Tuesday, January 20, 2015

Becoming a writer

I think it was Malcolm Gladwell who paraphrased some scientific research and suggested that if a person wanted to be an expert at something, she or he needed to put in at least 10,000 hours of practice. I looked that idea up, and there's some controversy around it, but let's pretend, for the sake of today's moodling, that it's true. Well then, that means I'm an expert writer, ha!

It's an interesting idea. I've never really thought of myself that way. True, I've always loved to write. It all started in Grade 2, when Mrs. Hansen had my classmates and I publish our own big books. I still have mine, and seeing it reminds me of my earliest dreams of being a writer. Throughout my school years, I saved pieces of art and writing of which I was particularly proud. My best friend and I wrote each other lengthy letters through Junior High School, and I kept fat journals of my thoughts and dreams in High School and university days, and beyond. When my youngest daughter was two, I started a novel, and finished it 5 years later. These moodlings began in 2010. And now I'm writing the history of L'Arche Edmonton in fits and starts, when other, smaller projects don't get in the way.

I'm guessing that I've probably spent well over 100,000 hours on writing, stretched out in bits and spurts throughout my life. Does that mean that I'm an expert? Well, that's debatable. I guess it depends on how a person defines the word "expert." Some folks think that if you publish a book or make the short list for a literary prize, that you qualify as an expert. But my sights aren't set so high. I know I'm a writer, simply because I write. And I think I might almost claim the title "expert" (though the literati would laugh at me) simply because I write so much, have learned so much by doing, and have seen a lot of improvement in my work. And because sometimes, people enjoy reading it.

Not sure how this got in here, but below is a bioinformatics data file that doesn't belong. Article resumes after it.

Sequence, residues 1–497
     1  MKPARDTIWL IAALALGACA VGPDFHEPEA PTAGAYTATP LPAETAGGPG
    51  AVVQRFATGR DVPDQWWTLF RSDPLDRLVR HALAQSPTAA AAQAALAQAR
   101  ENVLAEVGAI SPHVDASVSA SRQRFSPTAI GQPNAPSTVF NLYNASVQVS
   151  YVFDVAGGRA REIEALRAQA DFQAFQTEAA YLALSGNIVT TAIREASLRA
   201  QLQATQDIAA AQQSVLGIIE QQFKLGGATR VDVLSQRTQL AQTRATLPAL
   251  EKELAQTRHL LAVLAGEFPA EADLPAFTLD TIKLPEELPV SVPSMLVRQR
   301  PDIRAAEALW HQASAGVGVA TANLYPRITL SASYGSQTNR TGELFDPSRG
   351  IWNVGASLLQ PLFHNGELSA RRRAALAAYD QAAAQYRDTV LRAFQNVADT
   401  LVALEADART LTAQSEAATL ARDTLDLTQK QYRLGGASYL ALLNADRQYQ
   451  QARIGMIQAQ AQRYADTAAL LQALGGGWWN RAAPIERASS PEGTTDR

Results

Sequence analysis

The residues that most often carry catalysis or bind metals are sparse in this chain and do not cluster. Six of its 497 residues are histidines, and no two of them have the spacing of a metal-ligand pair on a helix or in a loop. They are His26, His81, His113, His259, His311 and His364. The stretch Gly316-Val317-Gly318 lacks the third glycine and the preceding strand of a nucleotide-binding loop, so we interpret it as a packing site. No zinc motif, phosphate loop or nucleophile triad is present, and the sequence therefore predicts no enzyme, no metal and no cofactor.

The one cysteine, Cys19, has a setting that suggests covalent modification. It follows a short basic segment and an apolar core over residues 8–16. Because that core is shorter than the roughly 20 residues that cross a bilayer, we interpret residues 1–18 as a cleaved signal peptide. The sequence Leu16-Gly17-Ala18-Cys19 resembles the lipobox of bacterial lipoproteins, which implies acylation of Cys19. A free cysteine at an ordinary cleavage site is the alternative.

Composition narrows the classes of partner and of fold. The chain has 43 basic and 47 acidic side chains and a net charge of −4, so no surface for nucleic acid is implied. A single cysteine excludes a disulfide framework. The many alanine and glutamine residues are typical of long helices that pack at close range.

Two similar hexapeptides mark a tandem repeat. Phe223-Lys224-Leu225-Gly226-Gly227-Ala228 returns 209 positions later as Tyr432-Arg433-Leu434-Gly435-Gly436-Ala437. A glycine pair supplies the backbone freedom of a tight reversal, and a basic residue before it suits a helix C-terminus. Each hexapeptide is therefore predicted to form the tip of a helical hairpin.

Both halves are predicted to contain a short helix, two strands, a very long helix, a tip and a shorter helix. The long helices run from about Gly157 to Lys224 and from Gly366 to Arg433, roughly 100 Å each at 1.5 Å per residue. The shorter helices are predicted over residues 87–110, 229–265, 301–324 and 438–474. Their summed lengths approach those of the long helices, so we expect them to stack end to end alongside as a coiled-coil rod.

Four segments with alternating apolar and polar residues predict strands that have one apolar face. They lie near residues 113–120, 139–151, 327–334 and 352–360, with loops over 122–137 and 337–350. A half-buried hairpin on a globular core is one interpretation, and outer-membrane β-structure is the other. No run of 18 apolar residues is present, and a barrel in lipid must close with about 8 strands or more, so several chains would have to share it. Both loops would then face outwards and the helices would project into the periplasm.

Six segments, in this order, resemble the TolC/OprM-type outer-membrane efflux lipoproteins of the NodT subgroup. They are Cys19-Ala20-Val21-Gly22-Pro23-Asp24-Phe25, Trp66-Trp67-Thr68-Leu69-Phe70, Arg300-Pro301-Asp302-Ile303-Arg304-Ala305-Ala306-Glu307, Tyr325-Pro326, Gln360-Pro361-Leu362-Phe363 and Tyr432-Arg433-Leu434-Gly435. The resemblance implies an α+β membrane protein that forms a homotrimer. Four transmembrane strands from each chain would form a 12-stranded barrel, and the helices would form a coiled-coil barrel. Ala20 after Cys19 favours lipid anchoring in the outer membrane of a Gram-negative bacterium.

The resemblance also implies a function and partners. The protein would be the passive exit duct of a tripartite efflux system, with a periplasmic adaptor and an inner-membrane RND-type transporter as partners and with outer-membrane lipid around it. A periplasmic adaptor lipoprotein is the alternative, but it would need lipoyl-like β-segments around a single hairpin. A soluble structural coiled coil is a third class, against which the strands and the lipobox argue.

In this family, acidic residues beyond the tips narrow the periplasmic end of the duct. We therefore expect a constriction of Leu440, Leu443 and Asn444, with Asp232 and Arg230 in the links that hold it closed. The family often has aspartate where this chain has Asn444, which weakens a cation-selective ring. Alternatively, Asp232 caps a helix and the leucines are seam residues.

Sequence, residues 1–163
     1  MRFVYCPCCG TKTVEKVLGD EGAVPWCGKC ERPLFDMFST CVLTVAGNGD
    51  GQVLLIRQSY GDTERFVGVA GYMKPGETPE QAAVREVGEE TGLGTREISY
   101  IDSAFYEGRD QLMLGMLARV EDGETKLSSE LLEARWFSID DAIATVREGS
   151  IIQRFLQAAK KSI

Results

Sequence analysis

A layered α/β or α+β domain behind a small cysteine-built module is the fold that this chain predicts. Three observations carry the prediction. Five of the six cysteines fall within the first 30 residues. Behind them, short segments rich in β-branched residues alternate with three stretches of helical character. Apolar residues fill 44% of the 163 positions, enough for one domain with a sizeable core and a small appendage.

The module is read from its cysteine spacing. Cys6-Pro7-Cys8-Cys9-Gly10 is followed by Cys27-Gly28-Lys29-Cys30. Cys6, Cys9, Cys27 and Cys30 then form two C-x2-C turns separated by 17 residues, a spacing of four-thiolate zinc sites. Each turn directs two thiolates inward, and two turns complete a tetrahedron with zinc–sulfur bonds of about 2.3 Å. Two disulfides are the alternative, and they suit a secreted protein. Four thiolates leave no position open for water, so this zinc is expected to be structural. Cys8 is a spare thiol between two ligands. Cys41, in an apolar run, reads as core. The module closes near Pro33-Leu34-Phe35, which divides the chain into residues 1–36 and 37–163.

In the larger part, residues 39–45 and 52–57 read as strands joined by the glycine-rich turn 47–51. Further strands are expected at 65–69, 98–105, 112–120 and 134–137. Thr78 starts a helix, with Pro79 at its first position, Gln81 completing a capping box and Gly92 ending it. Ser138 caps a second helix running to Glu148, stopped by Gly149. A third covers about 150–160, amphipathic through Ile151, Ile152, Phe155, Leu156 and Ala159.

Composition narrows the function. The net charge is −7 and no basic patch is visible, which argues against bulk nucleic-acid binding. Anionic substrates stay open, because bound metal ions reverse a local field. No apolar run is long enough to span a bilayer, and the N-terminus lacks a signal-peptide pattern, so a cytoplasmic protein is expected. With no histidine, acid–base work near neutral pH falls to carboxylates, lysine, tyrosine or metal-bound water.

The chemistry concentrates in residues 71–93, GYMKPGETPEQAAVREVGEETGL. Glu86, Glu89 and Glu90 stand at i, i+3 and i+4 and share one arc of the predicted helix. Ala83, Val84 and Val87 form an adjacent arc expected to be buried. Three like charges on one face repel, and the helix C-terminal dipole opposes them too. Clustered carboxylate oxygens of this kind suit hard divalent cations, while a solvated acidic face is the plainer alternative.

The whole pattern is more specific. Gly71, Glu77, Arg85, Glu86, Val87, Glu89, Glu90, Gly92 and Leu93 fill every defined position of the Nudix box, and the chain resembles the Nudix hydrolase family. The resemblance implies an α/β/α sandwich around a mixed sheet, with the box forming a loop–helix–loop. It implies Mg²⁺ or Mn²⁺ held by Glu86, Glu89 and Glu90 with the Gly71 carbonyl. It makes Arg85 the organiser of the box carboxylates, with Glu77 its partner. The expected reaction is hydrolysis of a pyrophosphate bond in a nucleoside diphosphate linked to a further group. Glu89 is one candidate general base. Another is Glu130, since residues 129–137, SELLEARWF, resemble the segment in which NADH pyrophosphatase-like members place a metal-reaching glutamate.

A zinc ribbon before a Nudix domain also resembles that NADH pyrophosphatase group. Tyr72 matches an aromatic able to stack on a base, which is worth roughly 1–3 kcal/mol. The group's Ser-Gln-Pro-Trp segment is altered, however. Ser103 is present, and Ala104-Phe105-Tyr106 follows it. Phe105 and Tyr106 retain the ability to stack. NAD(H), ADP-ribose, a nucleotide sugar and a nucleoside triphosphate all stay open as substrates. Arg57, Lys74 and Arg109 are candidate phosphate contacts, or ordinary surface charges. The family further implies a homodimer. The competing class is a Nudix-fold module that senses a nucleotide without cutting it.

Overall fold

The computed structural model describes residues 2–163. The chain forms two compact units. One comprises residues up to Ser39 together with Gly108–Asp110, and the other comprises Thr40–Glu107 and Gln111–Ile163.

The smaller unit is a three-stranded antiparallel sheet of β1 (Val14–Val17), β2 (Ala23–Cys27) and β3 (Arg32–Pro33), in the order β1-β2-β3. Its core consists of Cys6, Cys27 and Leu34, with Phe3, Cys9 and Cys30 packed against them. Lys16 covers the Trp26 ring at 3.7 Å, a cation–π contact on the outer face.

No, my novel hasn't been published, and I'm struggling along with my history writing, but last week I submitted an article to The Edmonton Journal, the one I mentioned in Sunday’s moodling. It took me a whole day to write it, but when it was finished, I was happy with every word that had been wrestled into place. Though the editor came up with titles to fit printed and web pages, she didn't change a word in the rest of the piece. Here’s a link to it.

Now I'm feeling like maybe my 100,000 hours of writing have paid off. I may not be an expert, but, hey, close enough for the moment... and you can bet I'll keep on writing, and learning as I go, and sharing what I come up with.

That's what life's about -- doing, and learning as we do, and finding satisfaction by sharing what we do with others.

Thanks to all my readers for helping me to become a writer.

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